RECORD: Cambridge, Octavius Pickard. 1882.10.02. [Recollection of Darwin in a letter to Francis Darwin]. CUL-DAR198.31a. Edited by John van Wyhe (Darwin Online, http://darwin-online.org.uk/)

REVISION HISTORY: Transcribed by Christine Chua and edited by John van Wyhe 4.2021. RN1

NOTE: See record in the Darwin Online manuscript catalogue, enter its Identifier here. Reproduced with permission of the Syndics of Cambridge University Library.


[31a]

Bloxworth Rectory

Wareham

Octr 2. 1882

My dear Sir,

Regret having been so long in sending you the letter of your late Father's about which I wrote on seeing your advertisement.

I beg now to enclose it and also another which I have just come across. The latter is purely personal, but it still very characteristic of your Father's great generosity of mind in attributing to others working in the same field with humility, far more credit than due to them (I speak of course only for myself not for Herr Frits Müller).

You will kindly use both or neither of these letters as you see fit – I do not of course know on what plan your work is intended to proceed; but I think a note might be added to the earlier of these letters stating the principal point on what our correspondence took place, possibly my [letter] to think this of your Father's was an answer is extant among his papers? If not, I have no copy of it but I remember that my point was stated in almost the same words as I had stated it some years before in the course of a correspondence with Mr. H. H. Higgins of the L'pool Museum, & of which I have a copy before me.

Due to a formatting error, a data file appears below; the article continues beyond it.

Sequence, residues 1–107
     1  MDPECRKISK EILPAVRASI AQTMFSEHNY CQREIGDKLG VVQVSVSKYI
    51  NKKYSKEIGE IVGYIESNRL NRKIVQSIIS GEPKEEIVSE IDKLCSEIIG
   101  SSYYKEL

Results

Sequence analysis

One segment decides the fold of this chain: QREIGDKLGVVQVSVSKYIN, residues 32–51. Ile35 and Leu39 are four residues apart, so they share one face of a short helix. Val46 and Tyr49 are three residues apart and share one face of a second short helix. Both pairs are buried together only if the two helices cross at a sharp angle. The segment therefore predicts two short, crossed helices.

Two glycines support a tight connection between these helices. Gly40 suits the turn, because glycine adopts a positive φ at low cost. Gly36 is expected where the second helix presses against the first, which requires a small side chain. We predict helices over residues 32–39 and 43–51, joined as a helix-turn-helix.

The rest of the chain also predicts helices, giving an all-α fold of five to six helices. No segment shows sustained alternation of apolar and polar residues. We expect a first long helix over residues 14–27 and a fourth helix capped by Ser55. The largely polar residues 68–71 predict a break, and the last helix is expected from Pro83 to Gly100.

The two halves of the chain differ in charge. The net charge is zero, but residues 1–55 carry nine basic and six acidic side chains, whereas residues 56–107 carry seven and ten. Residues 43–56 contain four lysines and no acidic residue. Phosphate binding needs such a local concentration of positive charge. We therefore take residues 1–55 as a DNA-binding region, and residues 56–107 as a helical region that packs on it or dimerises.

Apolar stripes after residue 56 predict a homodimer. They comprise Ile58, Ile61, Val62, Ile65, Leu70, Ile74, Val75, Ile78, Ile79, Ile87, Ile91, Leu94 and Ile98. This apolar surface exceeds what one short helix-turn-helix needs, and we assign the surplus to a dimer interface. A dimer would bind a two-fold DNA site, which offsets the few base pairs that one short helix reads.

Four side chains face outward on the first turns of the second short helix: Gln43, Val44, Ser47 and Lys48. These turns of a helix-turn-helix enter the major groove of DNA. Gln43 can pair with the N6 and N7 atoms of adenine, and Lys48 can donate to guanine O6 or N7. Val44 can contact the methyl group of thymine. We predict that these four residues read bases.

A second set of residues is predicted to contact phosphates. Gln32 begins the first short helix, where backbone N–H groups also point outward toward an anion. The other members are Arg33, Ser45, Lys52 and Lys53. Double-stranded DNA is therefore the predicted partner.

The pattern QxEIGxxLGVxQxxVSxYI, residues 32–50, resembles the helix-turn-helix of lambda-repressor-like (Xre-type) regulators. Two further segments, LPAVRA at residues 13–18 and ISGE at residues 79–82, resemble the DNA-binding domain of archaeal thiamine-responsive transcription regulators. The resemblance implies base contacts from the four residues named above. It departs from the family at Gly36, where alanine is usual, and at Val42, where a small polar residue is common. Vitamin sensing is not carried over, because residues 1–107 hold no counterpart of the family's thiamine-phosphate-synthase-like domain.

I was writing to him about the special characters in the structure of the male species and I now enclose you a copy of the portion alluded to.

This subject has of course a special interest to me, but I venture to think a scientific interest also.

In allusion to this, in a work by myself on "Spiders of Dorset" in 1879, [illeg] p. VI. I have stated that

 "in a correspondence several years ago Mr Darwin did not agree with my views on it"

That was my impression at that time, as the result of our correspondence; but I think now (on a reconsideration of it) that our views are quite irreconcilable, and that your Father did not intend to join any distinct course with me.

The point becomes still farther interesting because more recently there is undoubtedly something in the small organisation, of a special and sexual nature, which of its own vital force develops the remarkable small peculiarities so commonly seen, and of no imaginable use to that sex. In as far as these peculiarities then a great vital power, they point out to us the finest and strongest individuals of the sex, and shew us which of them would approximate to [illeg] the best and greatest number of females and leave behind them the [illeg] , be accounted for by the application of Mr Darwin's theory.

O. P. Cambridge

do not copy

Cambridge

Copy of an extract from a letter to H. H. Higgins of L' pool October 19 1869

[…]


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